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tober. This was the last opportunity I had of seeing my father. He drove me in his phaeton to Lymington, where I found the mail-coach which conveyed me to Southampton. On the following morning I embarked in one of the long stage-coaches then in use (like a modern omnibus), which conveyed me to London. It was a melancholy journey. My father's health was visibly failing ; though, as far as my bodily powers were concerned, I had pretty well recovered from the effects of my illness, my animal spirits were at a very low ebb. I had never before, and have never since then, been in so desponding a state of mind; and I shall never forget the feelings which oppressed me as I passed through the romantic scenery of the New Forest, or as I sate on the following day, with eleven other passengers, in the slow-going long coach. It seemed as if I was not equal to climbing the mountain which lay before me; yet I was sensible that I had no alternative, and that I must either climb it or starve. This state of mind, however, was not of long duration : I was soon hard at work, and forgot my anxieties. I now removed to some lodgings in May Fair, which, being situated between Hyde Park Corner and Great Windmill Street, enabled me more easily to divide my studies between the hospital and the school of anatomy. At the latter I had obtained some credit with Mr. Wilson and his colleague Mr. Thomas. The latter only delivered a few of the anatomical lectures, but it was understood that he was to superintend the dissections, and give an anatomical demonstration for an hour daily in the dissectingroom. He was not very fond of his vocation as a teacher, and as he was acquiring a considerable share of private practice, he was led to play truant a good deal. When he did so, he was accustomed to ask me to give the demonstration in his place; an arrangement which was attended with no difficulty, as both Mr. Wilson and the students were, or seemed to be, well satisfied with it, and as I felt myself sufficiently rewarded for the trouble which it gave me by the position in which it placed me above that of the ordinary students.

During this winter (1803–1804) I still con

tinued to attend the meetings of the Academical Society, and kept up my intercourse with my former friends about the Inns of Court. By great prudence I continued to live with sufficient comfort without making more than a very moderate demand on my father's limited means, and was never once in debt. I felt, however, that it would be very convenient to me indeed to have a little more money at my disposal. Some of my friends at this time obtained some additions to their incomes by writing for magazines and other publications. Ellis especially in great measure maintained himself in that way, and it came into my mind that I might follow his example. I offered a disquisition on the study of metaphysics to Richard Phillips, who published the Monthly Magazine' (and who was afterwards Sir Richard Phillips, and himself the author of a crazy work on Natural Philosophy). Phillips declined to accept it, in which he was quite right; it was a very absurd production. He did not, however, altogether decline my services. One of his speculations was the publication of a book under the name of The Annual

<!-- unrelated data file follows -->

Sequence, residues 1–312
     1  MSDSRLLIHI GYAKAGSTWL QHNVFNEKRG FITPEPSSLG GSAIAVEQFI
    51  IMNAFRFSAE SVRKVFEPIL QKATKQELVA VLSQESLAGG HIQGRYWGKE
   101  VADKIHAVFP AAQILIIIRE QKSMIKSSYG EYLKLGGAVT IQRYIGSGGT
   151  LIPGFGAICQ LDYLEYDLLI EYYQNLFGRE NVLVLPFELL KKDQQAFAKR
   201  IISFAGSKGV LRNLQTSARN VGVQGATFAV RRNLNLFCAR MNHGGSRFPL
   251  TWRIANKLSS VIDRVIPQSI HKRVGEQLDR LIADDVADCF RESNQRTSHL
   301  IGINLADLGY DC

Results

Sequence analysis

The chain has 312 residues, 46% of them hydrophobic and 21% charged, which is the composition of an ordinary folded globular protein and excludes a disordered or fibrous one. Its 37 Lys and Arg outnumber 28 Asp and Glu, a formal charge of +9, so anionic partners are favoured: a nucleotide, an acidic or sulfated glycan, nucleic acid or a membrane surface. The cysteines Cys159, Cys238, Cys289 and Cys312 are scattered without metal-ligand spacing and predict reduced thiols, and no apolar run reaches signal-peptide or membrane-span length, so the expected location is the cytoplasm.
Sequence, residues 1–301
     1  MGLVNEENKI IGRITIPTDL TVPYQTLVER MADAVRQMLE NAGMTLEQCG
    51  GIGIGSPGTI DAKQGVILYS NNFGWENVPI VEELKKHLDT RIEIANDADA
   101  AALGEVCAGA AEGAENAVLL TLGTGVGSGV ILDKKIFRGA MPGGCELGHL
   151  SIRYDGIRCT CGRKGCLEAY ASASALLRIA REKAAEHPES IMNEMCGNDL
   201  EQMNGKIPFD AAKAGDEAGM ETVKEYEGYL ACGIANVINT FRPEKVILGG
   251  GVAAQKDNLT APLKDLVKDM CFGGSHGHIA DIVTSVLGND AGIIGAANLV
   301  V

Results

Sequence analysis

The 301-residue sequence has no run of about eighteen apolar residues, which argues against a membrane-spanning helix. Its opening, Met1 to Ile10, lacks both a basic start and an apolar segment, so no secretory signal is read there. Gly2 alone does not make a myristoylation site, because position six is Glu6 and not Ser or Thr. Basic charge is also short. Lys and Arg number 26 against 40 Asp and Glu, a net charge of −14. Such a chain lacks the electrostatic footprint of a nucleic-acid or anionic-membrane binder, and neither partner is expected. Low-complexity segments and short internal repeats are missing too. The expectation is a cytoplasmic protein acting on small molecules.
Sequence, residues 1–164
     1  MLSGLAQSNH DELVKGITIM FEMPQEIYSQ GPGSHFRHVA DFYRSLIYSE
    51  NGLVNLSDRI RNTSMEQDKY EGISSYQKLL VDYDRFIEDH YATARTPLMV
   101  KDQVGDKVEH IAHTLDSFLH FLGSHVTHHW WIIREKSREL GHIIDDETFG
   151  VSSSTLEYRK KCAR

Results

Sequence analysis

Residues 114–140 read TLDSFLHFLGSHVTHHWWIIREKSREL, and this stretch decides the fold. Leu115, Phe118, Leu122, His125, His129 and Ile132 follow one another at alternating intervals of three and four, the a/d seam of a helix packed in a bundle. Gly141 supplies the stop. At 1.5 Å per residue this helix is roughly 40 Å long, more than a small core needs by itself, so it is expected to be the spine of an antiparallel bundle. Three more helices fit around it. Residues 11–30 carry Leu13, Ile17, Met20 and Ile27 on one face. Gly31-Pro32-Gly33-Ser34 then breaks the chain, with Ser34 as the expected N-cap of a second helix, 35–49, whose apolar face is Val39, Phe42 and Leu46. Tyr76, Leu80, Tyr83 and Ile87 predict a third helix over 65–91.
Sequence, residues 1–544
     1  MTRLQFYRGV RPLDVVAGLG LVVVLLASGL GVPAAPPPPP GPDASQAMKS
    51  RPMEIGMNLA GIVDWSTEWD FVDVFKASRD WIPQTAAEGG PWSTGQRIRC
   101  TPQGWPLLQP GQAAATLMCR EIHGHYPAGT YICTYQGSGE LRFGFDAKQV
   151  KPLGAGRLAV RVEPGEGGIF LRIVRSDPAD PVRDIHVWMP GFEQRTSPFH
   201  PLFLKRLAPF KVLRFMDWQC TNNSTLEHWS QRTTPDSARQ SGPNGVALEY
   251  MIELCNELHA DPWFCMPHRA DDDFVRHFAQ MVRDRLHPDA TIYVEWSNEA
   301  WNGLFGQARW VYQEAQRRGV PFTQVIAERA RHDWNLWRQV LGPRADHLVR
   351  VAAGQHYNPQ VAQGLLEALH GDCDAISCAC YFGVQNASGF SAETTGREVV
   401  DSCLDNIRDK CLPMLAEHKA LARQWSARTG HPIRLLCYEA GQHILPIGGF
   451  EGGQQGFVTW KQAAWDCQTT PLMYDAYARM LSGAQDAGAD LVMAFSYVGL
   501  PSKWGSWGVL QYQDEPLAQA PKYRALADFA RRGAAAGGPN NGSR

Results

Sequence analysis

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Biography, and, knowing that I had lived in Wiltshire, he proposed that I should write the life of Beckford of Fonthill, the author of "Vathek. As I knew nothing of this individual except some general reports, of which the less was said the better, I declined the proposal. I then offered some papers on literary subjects to Baldwin's 'Literary Journal,' a magazine which has been long since extinct. These were trumpery enough; nevertheless they were favourably received, and my vanity was soon gratified by seeing myself for the first time in print. The editor wrote to me that he was in my debt, and that I might receive a small sum that was owing to me whenever I could go to New Bridge Street for the purpose. I know not how it was that I never applied for the money. I found that I could not well follow two trades at the same time, and thus my literary adventures soon came to an end.

I have mentioned that when I parted with my father in the previous autumn his health was a good deal failing. It continued to fail through the winter, but he was so anxious not to interfere with the studies of my elder brother and myself that he would not allow us to be informed of it. In March an alteration for the worse took place rather suddenly; and before we were aware that his life was in any real danger he was no more. I had never before known what it was to lose any one for whom I had much affection, and I felt the loss most acutely. It dwelt on my mind long afterwards, and I well remember that for some months he was continually present to me in my dreams. My uncle, Charles Collins, who was an unmarried man, invited our whole family to his house at Salisbury, where we remained until after the funeral. I then returned to London forlorn enough, but less so than I should have been if I had not found much kindness and sympathy among some of my relations, especially Dr. and Mrs. Denman, Lady Staunton, and my cousins Mrs. Baillie and the present Sir George Staunton. The latter was two years older than myself, had been my playfellow when we were boys, and has continued my intimate friend, without our friendship having been interrupted for one instant,

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